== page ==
The Purge: Anarchy (Movie) Review

The Purge was a surprise hit last summer thanks to a pretty ingenious (in a gloriously stupid way) central concept. Unfortunately, the movie failed to actually show the promised night of anarchy known as the purge, instead merely delivering a mediocre home invasion movie anchored by Ethan Hawke being Ethan Hawke. This rushed-to-release sequel rights the original film’s most egregious wrong by at least actually setting a story within the purge, but then manages to get absolutely everything that the first film got right completely wrong. Sure, the setting is terrifying, but the characters a little more than one-note potential corpses, so it’s impossible to care one way or another if they die. Ironically, this film that preaches an anti-violence message ad nauseam serves up heaping doses of violence as its only pleasure. It’s a mess, but you get to finally see the purge this time… so I guess that’s something.

For anyone who missed the first movie or the trailers for either movie, the purge is a night of government sanctioned anarchy in the US in which no laws apply. Somehow, letting the country cut loose for a 12 hours of glorious violence once a year has managed to lower crime and unemployment rates substantially, so it’s become a beloved institution. This movie obviously takes place on purge night, following a boring couple (Zach Gilford and Kiele Sanchez) and an equally boring mother/daughter duo (Carmen Ejogo and Zoe Soul) who end up trapped in the middle of the purge for reasons too stupid to mention here. Thankfully, they both end up protected by a kindly killing machine played by Frank Grillo. He dresses like the Punisher, acts like the Punisher, has a similar backstory to the Punisher, shares the Punisher’s perverse sense of justice, and drives Mad Max’s car. Grillo’s Marvel lawsuit baiting semi-Punisher is out for revenge on purge night, but sets that aside to save the four characters who are the protagonists for some reason. Plus Michael K. White appears in a few scenes as an anti-purge leader of a militant revolutionary group and it appears as though government agents kill citizens on purge night as well. Why, you ask? Well, to set up the next sequel silly! This is a franchise, don’t ya know!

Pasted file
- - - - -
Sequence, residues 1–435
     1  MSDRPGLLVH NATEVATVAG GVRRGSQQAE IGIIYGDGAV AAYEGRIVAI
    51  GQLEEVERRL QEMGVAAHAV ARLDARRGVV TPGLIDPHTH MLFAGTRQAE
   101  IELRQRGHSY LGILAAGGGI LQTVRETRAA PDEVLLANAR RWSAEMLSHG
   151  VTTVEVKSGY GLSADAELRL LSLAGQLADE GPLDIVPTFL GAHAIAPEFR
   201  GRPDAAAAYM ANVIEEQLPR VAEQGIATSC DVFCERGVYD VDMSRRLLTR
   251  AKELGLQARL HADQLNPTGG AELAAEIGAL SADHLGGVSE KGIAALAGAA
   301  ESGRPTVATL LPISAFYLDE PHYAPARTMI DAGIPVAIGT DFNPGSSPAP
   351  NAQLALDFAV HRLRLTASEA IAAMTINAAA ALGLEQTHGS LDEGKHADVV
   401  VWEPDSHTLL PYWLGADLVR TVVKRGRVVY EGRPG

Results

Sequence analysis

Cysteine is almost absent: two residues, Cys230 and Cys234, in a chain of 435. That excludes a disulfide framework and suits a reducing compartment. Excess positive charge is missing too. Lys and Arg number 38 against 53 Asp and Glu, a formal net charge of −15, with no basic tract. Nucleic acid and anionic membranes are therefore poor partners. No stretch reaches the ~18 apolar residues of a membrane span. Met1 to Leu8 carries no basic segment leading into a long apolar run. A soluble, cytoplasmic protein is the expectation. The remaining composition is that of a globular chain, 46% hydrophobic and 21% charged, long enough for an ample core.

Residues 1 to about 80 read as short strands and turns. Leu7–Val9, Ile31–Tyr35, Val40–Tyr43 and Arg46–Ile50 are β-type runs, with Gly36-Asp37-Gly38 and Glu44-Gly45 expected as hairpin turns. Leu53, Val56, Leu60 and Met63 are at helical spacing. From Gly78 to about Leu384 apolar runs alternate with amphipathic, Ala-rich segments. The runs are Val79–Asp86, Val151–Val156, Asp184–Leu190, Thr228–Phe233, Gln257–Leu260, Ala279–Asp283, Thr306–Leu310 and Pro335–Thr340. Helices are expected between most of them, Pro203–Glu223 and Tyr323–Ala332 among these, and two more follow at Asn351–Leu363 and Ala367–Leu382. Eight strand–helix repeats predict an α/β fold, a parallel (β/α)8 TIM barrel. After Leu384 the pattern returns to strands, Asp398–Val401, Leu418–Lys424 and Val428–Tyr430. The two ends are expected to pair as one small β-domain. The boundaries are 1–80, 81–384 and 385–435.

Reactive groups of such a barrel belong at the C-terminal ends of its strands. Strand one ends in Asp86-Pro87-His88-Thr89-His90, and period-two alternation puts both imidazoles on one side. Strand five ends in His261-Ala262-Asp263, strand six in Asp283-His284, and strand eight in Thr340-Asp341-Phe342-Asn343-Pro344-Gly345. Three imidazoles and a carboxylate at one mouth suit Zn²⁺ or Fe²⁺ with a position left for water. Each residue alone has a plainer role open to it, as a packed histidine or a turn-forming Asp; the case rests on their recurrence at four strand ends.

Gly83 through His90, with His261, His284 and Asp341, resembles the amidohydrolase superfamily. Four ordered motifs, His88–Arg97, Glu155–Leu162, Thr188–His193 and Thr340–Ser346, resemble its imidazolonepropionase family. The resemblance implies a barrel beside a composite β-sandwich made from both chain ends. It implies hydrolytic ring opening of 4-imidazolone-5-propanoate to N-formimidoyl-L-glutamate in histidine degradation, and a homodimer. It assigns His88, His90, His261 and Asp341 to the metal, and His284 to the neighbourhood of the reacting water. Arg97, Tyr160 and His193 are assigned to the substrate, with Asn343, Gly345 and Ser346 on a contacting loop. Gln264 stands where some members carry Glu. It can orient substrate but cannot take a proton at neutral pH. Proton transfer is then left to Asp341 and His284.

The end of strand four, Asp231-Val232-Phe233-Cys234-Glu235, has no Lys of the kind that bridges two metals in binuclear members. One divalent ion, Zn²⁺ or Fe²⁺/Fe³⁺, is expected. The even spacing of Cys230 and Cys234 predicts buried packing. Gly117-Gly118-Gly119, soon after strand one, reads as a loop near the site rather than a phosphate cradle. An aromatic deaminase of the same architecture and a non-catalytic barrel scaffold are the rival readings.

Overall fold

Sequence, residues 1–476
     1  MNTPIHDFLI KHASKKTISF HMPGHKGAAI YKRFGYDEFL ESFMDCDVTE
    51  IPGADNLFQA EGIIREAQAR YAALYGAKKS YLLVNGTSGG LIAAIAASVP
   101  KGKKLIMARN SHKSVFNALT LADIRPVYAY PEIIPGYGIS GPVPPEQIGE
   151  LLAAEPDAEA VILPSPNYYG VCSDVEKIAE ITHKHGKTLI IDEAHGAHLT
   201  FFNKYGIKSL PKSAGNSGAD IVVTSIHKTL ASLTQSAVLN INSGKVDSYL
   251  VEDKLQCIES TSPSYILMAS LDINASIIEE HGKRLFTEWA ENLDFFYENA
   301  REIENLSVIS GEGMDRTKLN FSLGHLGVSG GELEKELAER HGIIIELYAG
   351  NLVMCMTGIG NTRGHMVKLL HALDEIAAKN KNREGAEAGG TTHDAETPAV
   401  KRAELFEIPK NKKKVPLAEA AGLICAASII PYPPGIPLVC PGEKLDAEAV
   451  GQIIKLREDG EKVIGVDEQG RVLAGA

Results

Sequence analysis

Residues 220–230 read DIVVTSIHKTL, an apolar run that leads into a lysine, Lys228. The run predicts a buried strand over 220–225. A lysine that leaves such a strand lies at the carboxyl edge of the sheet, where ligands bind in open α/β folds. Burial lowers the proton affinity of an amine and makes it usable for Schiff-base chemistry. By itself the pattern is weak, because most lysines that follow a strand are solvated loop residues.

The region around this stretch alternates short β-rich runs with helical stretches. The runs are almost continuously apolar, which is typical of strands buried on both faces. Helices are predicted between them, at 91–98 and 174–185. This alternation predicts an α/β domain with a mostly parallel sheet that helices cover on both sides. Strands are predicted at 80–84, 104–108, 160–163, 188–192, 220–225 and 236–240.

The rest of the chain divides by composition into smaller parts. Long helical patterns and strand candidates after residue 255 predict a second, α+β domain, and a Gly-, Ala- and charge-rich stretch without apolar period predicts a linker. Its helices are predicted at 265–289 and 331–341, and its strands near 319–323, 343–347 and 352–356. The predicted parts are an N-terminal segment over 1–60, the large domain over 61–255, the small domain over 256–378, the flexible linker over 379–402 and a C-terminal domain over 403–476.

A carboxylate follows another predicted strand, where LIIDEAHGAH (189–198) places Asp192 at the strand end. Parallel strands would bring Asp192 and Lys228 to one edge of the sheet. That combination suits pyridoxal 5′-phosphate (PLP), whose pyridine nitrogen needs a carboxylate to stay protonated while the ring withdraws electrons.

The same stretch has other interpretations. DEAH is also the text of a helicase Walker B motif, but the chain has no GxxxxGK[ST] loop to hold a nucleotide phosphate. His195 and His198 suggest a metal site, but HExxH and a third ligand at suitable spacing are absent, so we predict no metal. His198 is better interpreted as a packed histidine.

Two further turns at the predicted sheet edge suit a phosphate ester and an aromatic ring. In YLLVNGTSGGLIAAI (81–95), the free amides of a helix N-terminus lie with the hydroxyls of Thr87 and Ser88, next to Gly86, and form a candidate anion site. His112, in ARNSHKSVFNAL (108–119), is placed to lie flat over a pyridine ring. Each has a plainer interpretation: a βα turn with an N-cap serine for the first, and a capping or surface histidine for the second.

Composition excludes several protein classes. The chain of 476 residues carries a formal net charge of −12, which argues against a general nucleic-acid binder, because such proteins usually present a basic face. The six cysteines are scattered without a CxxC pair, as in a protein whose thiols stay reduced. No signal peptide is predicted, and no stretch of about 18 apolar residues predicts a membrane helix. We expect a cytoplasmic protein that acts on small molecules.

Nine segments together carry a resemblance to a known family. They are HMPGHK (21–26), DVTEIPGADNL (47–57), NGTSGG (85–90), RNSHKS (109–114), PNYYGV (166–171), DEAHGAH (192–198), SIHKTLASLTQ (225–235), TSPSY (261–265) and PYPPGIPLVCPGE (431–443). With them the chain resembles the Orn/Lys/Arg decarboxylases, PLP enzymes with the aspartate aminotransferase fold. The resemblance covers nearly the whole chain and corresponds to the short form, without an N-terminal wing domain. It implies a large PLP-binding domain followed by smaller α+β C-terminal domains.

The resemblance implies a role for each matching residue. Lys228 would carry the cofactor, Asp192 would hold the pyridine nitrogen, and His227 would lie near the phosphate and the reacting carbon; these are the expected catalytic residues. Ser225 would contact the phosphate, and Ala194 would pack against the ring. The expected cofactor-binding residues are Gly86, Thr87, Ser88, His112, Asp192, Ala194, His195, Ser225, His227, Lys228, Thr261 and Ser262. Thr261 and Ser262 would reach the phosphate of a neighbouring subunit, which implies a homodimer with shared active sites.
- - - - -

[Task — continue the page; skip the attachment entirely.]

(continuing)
The Purge: Anarchy Review

So good news first: the purge is finally depicted in its bloodsoaked glory and delivers a handful of insane set pieces (especially those depicting how the wealthy celebrate the purge). The bad news is that everything else in the movie is either mediocre or garbage. None of the characters have much personality or reason for being and as a result none of the performances are particularly memorable. It’s impossible to care whether or not anyone lives, so you watch the movie secretly hoping they’ll all die. Then the movie makes you feel guilty for that bloodlust by preaching an anti-violence message that feels pretty antithetical to the violence-shilling movie that contains it. The script also boasts some of the worst dialogue of a mainstream film in recent memory. Yet it’s not even quotably bad, just dull and per functionary. The only thing the movie has to offer is its anarchistic violence and even that is nearly impossible to see through all the mindless shakycam cinematography and rapid-fire editing. In other words, the whole thing is a big stinky mess. It’s a shame that the concept wasn’t used for a videogame instead, because that seems like a medium more suited to depicting/critiquing the concept of The Purge. But that didn’t happen. It’s a movie franchise now and an increasingly crap one too.

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More than anything else, the film feels rushed. No one expected The Purge to win it’s opening weekend last summer, so this sequel was shot-gunned into production to hit screens barely 13 months after the original. Writer/director James DeMonaco clearly had to scramble to make that happen, so all of the wafer-thin characters and tin-eared dialogue were probably first draft placeholders that he never got a chance to develop. That doesn’t excuse a movie this sloppy getting a prime summer opening weekend, but at least explains it. I suppose if you’re desperate to see the purge in action then the movie offers a certain level of satisfaction. However, if you’re looking for any of the other qualities that one traditionally associates with a good movie, it’s probably best to skip this flick entirely. There’s nothing here but empty violence and tedious rhetoric.